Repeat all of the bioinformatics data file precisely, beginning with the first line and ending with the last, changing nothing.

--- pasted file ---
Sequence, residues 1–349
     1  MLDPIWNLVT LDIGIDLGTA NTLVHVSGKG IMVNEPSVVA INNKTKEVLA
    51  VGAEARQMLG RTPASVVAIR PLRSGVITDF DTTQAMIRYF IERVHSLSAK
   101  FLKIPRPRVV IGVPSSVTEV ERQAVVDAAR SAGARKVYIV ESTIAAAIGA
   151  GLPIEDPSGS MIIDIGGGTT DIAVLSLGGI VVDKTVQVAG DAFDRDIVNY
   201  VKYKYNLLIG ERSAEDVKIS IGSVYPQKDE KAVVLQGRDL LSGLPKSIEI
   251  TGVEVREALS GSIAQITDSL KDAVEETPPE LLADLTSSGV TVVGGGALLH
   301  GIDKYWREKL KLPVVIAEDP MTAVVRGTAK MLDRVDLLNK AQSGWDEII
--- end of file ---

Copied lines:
Sequence, residues 1–349
     1  MLDPIWNLVT LDIGIDLGTA NTLVHVSGKG IMVNEPSVVA INNKTKEVLA
    51  VGAEARQMLG RTPASVVAIR PLRSGVITDF DTTQAMIRYF IERVHSLSAK
   101  FLKIPRPRVV IGVPSSVTEV ERQAVVDAAR SAGARKVYIV ESTIAAAIGA
   151  GLPIEDPSGS MIIDIGGGTT DIAVLSLGGI VVDKTVQVAG DAFDRDIVNY
   201  VKYKYNLLIG ERSAEDVKIS IGSVYPQKDE KAVVLQGRDL LSGLPKSIEI
   251  TGVEVREALS GSIAQITDSL KDAVEETPPE LLADLTSSGV TVVGGGALLH
   301  GIDKYWREKL KLPVVIAEDP MTAVVRGTAK MLDRVDLLNK AQSGWDEII